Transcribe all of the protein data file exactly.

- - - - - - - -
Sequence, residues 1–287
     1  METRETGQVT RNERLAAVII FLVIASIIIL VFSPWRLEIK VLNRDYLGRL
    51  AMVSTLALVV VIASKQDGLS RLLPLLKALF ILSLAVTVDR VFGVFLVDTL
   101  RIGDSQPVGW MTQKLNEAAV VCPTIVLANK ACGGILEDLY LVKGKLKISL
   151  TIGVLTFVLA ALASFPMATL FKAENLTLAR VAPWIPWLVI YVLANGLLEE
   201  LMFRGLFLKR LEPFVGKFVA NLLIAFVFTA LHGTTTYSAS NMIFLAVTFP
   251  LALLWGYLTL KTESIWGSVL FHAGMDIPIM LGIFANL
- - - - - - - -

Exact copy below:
Sequence, residues 1–287
     1  METRETGQVT RNERLAAVII FLVIASIIIL VFSPWRLEIK VLNRDYLGRL
    51  AMVSTLALVV VIASKQDGLS RLLPLLKALF ILSLAVTVDR VFGVFLVDTL
   101  RIGDSQPVGW MTQKLNEAAV VCPTIVLANK ACGGILEDLY LVKGKLKISL
   151  TIGVLTFVLA ALASFPMATL FKAENLTLAR VAPWIPWLVI YVLANGLLEE
   201  LMFRGLFLKR LEPFVGKFVA NLLIAFVFTA LHGTTTYSAS NMIFLAVTFP
   251  LALLWGYLTL KTESIWGSVL FHAGMDIPIM LGIFANL